I recently wrote about the possibility of a resurgence of coal stocks spurred by new policy backed by the Republican-controlled Congress next term.
I reminded readers that coal never really went away. It was – and still is – the most significant single source of power generation in the world.
It just has a bad reputation. Of all the fossil fuels, coal is considered the dirtiest as it emits the most carbon dioxide – almost twice as much as natural gas, depending on the type of coal burned.
To counteract this, the Republicans have resorted to drastic measures…
The Dirty Truth
Carbon emissions are the root cause of the climate change argument. And the type of coal burned makes a difference in terms of emission.
For instance, in China, the coal contains more moisture and burns less efficiently, creating even more carbon emissions.
The science behind the damage is irrefutable. But it has not prevented proponents of the coal industry from moving forward with solutions that keep coal in the energy game.
These solutions fall under the category of “clean coal.”
Airing Out the Filthy Laundry
Now, by promoting clean coal, Republicans are really just playing the part of environmentalists.
There’s no such thing as “clean” coal. I would liken it to “light” cigarettes – it sounds less harmful, but it’s still toxic.
What clean coal really means is hiding coal emissions by capturing them and using them or storing them. The reasoning is quite simple. If you can prevent carbon dioxide emissions from getting into the atmosphere, as it does currently, then emissions are therefore reduced.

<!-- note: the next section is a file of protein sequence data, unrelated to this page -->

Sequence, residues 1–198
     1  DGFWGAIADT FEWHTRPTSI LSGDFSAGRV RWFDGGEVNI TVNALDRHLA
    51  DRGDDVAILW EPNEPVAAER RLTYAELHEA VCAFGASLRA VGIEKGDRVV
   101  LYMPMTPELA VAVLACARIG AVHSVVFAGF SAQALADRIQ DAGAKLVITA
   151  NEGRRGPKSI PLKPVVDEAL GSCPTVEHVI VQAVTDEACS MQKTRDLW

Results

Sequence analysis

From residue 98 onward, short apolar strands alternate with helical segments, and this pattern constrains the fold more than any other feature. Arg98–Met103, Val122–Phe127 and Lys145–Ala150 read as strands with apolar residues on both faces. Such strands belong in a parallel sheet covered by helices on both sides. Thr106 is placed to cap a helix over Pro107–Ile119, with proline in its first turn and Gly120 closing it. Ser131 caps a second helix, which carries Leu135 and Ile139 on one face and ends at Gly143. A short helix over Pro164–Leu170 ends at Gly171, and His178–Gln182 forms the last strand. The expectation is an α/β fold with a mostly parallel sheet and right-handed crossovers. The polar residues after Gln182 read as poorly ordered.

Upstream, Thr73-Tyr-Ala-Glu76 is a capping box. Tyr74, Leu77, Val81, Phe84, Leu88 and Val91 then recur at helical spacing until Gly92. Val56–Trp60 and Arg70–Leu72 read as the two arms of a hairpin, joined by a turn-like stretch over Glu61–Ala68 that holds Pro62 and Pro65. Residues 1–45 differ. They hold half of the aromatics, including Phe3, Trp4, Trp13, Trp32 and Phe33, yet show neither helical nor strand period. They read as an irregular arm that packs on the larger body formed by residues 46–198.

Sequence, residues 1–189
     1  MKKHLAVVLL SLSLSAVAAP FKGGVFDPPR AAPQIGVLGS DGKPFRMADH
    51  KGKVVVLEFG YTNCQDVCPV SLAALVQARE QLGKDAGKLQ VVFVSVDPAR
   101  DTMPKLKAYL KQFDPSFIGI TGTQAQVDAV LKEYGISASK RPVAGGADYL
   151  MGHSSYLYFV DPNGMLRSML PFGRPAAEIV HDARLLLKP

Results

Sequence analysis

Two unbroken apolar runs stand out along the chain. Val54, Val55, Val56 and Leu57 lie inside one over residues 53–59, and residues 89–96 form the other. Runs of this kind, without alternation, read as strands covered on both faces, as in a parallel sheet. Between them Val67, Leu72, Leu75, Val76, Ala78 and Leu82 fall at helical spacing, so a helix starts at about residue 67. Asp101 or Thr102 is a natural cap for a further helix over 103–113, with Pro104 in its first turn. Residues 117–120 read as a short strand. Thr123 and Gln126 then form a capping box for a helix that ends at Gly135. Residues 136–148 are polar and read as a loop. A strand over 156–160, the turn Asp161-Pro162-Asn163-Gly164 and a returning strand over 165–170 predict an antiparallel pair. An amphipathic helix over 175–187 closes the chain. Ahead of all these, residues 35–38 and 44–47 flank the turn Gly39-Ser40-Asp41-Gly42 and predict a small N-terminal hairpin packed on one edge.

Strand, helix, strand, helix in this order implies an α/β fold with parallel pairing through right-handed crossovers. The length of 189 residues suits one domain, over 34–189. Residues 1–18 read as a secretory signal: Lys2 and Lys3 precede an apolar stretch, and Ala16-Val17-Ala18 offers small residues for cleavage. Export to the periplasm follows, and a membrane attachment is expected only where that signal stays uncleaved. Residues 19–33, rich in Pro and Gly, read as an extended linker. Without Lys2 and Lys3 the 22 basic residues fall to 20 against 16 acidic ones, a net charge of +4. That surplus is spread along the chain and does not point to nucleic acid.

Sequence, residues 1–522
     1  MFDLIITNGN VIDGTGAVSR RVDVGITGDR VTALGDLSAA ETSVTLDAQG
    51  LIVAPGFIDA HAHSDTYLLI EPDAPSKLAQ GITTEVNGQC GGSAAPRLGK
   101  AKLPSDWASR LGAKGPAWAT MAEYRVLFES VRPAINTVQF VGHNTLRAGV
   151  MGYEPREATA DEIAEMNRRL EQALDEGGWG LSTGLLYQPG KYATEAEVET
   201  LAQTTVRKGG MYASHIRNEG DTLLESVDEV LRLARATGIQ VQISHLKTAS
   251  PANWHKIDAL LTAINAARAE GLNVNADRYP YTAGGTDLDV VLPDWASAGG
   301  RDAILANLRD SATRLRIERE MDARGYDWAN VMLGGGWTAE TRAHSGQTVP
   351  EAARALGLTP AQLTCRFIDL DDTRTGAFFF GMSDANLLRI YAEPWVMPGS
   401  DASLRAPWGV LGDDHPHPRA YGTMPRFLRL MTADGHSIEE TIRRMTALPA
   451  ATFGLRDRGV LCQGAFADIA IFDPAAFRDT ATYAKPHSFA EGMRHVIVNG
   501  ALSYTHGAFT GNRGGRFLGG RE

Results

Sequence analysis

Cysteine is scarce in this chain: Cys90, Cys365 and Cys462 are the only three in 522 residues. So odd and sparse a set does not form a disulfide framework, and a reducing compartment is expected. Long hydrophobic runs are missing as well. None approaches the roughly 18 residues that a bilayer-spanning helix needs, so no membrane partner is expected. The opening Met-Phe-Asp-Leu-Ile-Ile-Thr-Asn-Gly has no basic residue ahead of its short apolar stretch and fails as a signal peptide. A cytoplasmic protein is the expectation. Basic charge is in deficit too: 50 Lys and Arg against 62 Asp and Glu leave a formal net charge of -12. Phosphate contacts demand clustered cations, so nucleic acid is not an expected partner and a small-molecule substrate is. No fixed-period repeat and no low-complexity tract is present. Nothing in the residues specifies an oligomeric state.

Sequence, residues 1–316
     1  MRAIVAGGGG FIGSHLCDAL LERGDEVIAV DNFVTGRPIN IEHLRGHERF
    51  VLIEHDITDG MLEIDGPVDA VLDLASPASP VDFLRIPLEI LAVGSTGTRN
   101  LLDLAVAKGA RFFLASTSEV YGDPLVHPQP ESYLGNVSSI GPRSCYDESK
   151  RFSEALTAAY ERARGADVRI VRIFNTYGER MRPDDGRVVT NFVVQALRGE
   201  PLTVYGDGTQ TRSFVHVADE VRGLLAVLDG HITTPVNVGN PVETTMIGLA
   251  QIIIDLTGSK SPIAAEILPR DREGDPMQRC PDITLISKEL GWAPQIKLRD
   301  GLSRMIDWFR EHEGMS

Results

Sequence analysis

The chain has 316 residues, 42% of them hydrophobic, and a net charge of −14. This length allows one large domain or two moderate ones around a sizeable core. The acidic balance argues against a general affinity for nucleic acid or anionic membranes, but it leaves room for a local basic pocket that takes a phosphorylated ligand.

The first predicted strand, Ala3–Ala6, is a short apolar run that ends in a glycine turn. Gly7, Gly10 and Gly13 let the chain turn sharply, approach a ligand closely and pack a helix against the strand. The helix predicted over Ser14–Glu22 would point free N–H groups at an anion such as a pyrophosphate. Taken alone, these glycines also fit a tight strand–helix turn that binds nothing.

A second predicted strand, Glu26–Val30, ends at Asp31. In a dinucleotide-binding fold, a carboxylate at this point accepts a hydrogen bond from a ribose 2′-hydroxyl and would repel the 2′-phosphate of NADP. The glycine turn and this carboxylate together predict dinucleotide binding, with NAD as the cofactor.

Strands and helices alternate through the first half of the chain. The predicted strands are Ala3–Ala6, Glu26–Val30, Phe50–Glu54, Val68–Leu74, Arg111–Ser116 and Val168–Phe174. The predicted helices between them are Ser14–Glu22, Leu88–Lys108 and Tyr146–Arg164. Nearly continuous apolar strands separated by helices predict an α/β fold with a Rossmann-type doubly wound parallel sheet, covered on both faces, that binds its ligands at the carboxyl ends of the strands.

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But the logic doesn’t hold water. None of the methods actually reduce the amount of carbon dioxide produced. They just redistribute it using different methods.
There are several methods by which carbon dioxide emissions can be reduced or captured. The most popular of which is carbon sequestration. That is, carbon dioxide is captured and pumped underground (as far as two miles) with the intention that it will never resurface.
The second method is using filtration systems that will clean the emissions before they get into the atmosphere. The by-product of which is again sequestered. A third method is to gasify the carbon and reuse it as fuel.
This last method is where the opportunity may lay.
Making Not-So-Dirty Money
Southern Company (SO) is building a plant in Mississippi to capture carbon emissions and convert them into gas that can be sold on the market. Southern also plans to sell the technology to the Chinese, who have an abundance of coal but lack gas.
The plant was originally scheduled to be completed in 2013 at a cost of $2.2 billion. The estimate now is completion in 2016 at a cost of more than $6 billion. That’s not exactly as planned, and the shareholders will ultimately bear the brunt of the cost overruns.
There’s also a new type of coal plant, in Saskatchewan, Canada, that just opened for business. This plant, referred to as the Boundary Dam Project, will capture and sell over 90% of the carbon emissions it produces!
Coal may never be clean, but it certainly could get much more profitable than anyone ever imagined! Stay tuned for more…
And “the chase” continues,